Sunday, 27 July 2014

The Book of Eli

I know I am a little behind the rest of the world in having only just seen this film, but it does raise some interesting issues, some of which are relevant to contemporary events.

There are spoilers here, so please be aware that you might enjoy the film better before you read this. I want to explore some of the theological issues that the film raises, and there are a number, because it is a deeply theological film.

Firstly, the book is the bible. It is believed to be the last copy of the bible in a post-apocalyptic world, where most books have been destroyed. Having said that, they do find a copy of The da Vinci Code, and I struggle to believe that anyone would have kept a copy of that, over pretty much anything else. Anyway, such is the suspension of disbelief needed for these types of films.

The bible was banned and systematically destroyed because, as some believed, it was responsible for the war that had caused the apocalypse. This is pretty much all we get about the cause of the war, but religious books - actually, religion - does seem to cause people to want to kill others, irrespective of what their books actually say about killing other people. The book is sought by on person in particular - Carnegie - because "it is power" - and there is some truth in that. The bible can be a tool of worldly power, if people wish to use it in that way.

Carnegie actually then explains how it can give him power: "People will do what I tell them the book says" (roughly). Which sounds remarkably familiar - there are many who claim Christian leadership who are doing exactly the same thing, telling people what the bible says, and using its authority to support their position. What is more, it boosts their personal role, as the acceptable interpreter of the biblical words.

Carnegie understands very well the earthly power of a religious book and of those who can interpret it, and so speak with divine authority.

There is also Eli, who owns the book at the start of the film. Eli owns this copy, and reads it. He defends the book violently - which some would see as denying the values in the book. I don't see it in that way. Rather, he has the words of life, and he understands how important they are not just to him, but to everyone. He knows the value of the bible, and will defend that to the utmost. Until it comes to a point where it is the book or the life of his companion. At that point, he gives it up.

He then makes an interesting statement, that he has spent so long reading the book that he is in danger of missing what it says. To my mind, that is one of the most perfect lines in the film - the book is important, but not as a precious object, but because of what it says. The crucial matter was not the book itself. The crucial matter was the words in the book, and making sure that they are available, not in the control of a few. We are sometimes blase about having copies of the bible, without always actually wanting to read it.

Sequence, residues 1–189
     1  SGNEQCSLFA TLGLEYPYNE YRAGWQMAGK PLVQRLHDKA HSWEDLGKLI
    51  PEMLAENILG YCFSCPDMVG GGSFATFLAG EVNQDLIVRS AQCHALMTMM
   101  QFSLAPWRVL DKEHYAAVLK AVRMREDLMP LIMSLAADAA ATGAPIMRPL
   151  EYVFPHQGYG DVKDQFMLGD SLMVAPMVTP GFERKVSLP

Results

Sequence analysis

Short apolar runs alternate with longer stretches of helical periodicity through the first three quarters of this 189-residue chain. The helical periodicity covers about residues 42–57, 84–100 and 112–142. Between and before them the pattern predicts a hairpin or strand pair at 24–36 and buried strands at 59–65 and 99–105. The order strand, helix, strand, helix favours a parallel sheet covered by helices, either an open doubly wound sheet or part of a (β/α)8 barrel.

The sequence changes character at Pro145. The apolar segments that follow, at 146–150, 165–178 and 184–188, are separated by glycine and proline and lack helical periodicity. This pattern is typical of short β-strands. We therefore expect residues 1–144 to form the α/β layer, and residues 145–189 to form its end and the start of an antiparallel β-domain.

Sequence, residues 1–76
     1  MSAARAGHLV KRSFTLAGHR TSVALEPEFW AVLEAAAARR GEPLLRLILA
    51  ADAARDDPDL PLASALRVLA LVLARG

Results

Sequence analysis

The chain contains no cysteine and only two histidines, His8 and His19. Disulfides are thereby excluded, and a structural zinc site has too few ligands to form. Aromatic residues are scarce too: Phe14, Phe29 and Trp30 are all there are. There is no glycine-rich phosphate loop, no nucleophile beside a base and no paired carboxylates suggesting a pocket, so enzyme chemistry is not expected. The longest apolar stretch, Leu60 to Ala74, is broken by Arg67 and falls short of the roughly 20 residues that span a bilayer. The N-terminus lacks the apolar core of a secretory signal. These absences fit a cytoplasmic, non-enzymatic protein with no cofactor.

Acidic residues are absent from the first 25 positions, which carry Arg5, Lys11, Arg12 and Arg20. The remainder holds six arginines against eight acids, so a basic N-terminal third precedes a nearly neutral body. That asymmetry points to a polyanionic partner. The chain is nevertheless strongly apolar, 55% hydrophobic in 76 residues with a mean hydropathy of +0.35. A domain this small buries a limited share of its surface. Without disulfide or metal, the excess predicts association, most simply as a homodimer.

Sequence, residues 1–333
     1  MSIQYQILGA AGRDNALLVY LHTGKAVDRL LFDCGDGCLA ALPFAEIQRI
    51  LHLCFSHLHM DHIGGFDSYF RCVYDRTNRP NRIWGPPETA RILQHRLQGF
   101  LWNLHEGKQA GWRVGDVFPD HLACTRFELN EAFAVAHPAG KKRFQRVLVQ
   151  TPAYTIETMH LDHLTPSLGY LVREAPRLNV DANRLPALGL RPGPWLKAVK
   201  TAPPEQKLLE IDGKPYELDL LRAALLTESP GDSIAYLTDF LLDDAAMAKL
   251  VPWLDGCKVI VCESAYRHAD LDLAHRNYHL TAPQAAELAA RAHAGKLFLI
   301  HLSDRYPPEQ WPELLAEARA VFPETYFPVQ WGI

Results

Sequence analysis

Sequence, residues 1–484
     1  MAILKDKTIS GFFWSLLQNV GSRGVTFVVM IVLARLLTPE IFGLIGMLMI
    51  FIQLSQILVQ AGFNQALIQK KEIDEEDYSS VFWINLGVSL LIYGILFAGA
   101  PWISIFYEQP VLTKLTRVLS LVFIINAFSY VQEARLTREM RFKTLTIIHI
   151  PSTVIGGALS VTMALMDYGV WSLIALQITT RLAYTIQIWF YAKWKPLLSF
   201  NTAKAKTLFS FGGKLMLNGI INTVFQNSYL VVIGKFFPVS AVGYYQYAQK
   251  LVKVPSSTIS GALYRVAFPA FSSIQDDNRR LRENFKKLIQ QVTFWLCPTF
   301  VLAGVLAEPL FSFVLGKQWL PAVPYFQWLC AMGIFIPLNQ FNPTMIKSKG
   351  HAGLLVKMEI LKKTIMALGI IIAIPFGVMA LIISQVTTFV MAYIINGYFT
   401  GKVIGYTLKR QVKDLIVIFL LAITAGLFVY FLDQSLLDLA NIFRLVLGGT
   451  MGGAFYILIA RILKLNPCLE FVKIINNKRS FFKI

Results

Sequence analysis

And by read it, that means letting it speak and challenge.

Finally, when Carnegie finally gets hold of the book, he finds that it is in braille, because Eli is, apparently, blind. So he cannot, in fact, read it. He tries to force one of his people to read it for him, but she refuses, realising that he is incapable of wielding any power without her. There is something poignant in the fact that the person who wants to wield power with the bible finds that he cannot, in fact, read it, he needs one of those he despises to engage with it.

However, Eli finally gets to a place with a printing press. He has memorised the entire text, and so can dictate it, and allow it it be produced and printed, and so made available for everyone. Eli has internalised the words of the bible - as text initially, bit he also shows that, to an extent, he has internalised the meaning of it too - and it is this internalised version that is the key to making it available for all.

In the end, that is the story of this film: that the bible is important, it is powerful, but its power is not something that can be wielded like a weapon. It is powerful when it is made available to everyone, when it is made a part of us, when it is acted on. And when the meaning and interpretation is in the hands of a few, it is dangerous.

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